This study will undertake field-based acute heat stress assays on two species of corals (Acropora tenuis and Pocillopora verrucosa) from 20 reefs using a mobile temperature manipulation tank system to test the following hypotheses:
• Sampling time post onset of heat-stress influences physiological responses.
• The size of the coral fragment used in the experiments does not influence acute heat tolerance.
• Upper heat tolerance will be correlated to environmental thermal regimes.
Experiments will be conducted in the field with the first cruise targeting the far northern GBR (Thursday Island to Lizard Island Nov 22nd 2019 – Dec 15th 2019). The southern sector (Swains and Capricorn Bunker group) will be visited between Jan 2nd 2020 and Jan 23rd 2020. Samples (n = 20 genets per species) of 2 target species (Acropora tenuis and Pocillopora verrucosa) will be collected on SCUBA between 4 - 8m, returned to the vessel, fragmented into four replicates, and distributed across four temperature treatments. Using the mean monthly maximum temperature (MMM) as a control, the treatments are MMM + 3oC, MMM + 6oC, and MMM + 9oC, respectively. The treatment profiles are described in Fig. 2. Two proof of concept experiments will also be undertaken to examine the effects of sampling time post heat exposure (A. tenuis only) and the effect of fragment size on upper thermal tolerance (A. tenuis and P. verrucosa).
Data collection and analysis
Photosynthesis efficiency will be quantified by Pulse Amplitude Fluorometry (PAM)80,81 after a 1 hour low light (max 100 µmol m-2 s-1) incubation at ambient temperature. Following an 11h hold at ambient temperature, samples will be photographed, any mortality recorded, and frozen in liquid nitrogen for later physiological and genetic analyses. The physiological assays undertaken for these samples will be similar to those outlined for aim 2 (Table 2). Environmental data (temperature mean, max, min, and variability, turbidity, salinity) will be obtained from eReefs for each 5km2 quadrat encompassing each reef to correlate thermal tolerance to environmental parameters. I will use spatial generalised linear mixed models82 to account for spatial autocorrelation using CARBayes83 R package.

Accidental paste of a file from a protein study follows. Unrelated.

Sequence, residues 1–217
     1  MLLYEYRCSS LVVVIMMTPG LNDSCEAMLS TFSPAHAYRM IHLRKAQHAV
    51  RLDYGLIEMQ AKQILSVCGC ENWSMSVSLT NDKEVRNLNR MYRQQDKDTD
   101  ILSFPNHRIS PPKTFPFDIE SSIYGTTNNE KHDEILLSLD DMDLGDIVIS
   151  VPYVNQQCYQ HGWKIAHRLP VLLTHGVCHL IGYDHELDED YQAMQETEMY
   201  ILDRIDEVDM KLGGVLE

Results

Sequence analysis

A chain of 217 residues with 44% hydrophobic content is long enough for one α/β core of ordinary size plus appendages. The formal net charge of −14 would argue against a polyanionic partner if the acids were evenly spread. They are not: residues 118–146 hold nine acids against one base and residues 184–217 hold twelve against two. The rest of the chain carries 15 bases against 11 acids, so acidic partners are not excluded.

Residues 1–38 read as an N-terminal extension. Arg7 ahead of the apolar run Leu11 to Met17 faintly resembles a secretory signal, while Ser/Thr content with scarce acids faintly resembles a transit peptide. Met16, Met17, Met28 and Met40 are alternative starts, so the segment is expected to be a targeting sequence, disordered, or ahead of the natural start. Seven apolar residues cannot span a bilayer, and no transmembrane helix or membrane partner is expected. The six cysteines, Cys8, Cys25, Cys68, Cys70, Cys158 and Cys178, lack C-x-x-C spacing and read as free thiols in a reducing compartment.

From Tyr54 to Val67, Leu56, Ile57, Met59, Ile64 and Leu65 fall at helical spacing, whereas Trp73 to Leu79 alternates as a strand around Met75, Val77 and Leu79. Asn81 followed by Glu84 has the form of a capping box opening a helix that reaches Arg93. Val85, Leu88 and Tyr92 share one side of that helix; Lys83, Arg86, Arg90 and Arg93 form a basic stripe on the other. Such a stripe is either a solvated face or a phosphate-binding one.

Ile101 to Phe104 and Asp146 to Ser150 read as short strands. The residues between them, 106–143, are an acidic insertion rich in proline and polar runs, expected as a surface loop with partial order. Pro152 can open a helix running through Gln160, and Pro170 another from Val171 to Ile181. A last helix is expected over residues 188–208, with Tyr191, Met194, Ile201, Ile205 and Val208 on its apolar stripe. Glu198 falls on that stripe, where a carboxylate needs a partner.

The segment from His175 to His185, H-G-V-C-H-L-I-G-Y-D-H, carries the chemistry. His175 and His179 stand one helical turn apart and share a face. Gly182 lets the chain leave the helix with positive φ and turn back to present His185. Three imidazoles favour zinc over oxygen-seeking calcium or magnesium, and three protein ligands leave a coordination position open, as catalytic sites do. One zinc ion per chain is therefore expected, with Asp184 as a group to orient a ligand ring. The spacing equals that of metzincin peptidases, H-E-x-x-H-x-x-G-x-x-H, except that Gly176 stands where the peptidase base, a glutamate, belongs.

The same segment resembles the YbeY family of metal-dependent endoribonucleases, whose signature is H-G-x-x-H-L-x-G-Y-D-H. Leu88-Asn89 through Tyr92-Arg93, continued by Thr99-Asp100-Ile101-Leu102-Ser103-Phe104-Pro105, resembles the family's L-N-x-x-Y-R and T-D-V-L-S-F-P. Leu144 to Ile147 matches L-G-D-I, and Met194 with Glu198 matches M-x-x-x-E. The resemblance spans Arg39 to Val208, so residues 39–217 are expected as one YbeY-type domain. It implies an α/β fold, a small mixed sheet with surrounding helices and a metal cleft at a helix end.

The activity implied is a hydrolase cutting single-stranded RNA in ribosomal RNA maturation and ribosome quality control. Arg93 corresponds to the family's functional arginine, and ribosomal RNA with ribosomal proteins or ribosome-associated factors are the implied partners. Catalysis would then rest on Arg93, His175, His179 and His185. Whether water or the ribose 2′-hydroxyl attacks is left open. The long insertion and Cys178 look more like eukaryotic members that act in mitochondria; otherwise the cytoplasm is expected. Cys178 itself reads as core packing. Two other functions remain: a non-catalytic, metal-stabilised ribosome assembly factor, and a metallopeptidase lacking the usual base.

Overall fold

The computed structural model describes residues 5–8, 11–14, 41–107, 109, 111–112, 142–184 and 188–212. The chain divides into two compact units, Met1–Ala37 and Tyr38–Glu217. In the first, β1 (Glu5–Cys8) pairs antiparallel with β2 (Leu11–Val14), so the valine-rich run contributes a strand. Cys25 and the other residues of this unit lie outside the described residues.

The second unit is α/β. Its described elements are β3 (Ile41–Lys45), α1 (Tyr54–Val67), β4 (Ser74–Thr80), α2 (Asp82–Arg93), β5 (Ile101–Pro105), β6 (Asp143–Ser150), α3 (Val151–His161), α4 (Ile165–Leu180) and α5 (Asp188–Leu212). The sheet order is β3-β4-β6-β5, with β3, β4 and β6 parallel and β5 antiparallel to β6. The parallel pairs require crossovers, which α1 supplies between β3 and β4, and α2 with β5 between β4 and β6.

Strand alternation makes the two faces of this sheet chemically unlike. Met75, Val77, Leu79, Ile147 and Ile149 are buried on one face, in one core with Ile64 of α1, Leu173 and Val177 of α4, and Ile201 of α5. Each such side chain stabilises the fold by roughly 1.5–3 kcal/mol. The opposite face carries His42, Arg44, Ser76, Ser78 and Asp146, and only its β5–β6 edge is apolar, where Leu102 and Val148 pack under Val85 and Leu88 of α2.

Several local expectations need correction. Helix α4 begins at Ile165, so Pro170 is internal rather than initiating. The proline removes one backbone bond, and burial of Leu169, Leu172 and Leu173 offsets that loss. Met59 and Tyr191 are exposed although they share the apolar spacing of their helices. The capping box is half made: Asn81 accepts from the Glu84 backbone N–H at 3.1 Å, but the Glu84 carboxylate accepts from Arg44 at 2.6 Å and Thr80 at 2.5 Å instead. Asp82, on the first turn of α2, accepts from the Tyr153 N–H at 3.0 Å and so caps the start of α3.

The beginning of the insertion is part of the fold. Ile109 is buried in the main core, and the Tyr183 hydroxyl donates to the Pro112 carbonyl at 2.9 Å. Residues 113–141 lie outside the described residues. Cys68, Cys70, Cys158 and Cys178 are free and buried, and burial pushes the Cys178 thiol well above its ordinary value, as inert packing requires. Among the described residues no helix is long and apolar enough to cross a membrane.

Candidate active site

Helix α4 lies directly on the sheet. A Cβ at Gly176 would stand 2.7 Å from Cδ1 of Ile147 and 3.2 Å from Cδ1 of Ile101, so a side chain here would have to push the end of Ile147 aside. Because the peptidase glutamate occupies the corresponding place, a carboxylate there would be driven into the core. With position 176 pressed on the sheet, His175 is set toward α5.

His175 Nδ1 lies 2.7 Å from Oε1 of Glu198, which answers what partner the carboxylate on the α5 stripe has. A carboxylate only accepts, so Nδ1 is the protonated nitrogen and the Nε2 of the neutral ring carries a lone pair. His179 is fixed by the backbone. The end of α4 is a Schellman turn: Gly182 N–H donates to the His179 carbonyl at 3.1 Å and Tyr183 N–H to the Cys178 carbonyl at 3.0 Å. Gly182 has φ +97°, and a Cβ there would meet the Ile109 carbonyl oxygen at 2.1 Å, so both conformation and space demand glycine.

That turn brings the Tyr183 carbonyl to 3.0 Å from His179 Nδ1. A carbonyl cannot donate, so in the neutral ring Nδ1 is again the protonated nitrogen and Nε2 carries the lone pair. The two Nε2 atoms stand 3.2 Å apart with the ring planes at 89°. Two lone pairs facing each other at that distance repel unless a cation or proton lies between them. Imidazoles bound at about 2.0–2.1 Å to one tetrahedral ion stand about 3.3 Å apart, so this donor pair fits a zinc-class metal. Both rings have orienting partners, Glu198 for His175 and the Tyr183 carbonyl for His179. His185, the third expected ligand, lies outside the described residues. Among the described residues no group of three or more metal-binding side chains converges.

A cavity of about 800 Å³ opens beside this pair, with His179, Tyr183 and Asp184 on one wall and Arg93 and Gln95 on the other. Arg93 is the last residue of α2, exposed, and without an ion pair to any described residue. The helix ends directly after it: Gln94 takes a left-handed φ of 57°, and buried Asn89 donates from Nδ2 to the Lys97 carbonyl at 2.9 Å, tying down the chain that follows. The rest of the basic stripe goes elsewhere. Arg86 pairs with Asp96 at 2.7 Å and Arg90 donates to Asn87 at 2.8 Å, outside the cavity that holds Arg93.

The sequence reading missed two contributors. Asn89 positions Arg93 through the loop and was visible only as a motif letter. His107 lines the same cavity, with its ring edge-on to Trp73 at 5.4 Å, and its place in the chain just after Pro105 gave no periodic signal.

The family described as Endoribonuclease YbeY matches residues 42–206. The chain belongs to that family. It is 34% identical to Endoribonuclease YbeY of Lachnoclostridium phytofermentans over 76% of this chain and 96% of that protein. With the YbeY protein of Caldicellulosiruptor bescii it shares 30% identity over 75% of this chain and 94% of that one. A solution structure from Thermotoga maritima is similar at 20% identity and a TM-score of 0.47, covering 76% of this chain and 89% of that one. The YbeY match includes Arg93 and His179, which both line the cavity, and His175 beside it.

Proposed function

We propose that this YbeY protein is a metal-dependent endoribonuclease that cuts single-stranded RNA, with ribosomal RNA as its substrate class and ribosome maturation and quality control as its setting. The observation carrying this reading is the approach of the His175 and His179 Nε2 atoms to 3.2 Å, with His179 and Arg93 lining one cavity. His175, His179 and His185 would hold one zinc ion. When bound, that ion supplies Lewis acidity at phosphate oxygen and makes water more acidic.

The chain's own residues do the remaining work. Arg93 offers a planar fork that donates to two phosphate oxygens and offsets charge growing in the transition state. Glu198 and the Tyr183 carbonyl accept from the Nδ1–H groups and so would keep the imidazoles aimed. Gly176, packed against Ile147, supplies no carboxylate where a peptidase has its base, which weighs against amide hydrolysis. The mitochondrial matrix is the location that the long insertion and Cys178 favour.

Aim 4 – Compare upper thermal tolerance results from classic, long-term temperature exposure experiments with acute heat stress experiments.
This study will compare physiological responses to long-term and acute temperature treatments to test the following hypothesis which will validate the acute heat stress approach outlined above:
• The two experimental approaches (acute vs long-term) will identify the same resilient genotypes, however their upper thermal tolerance will differ between approaches.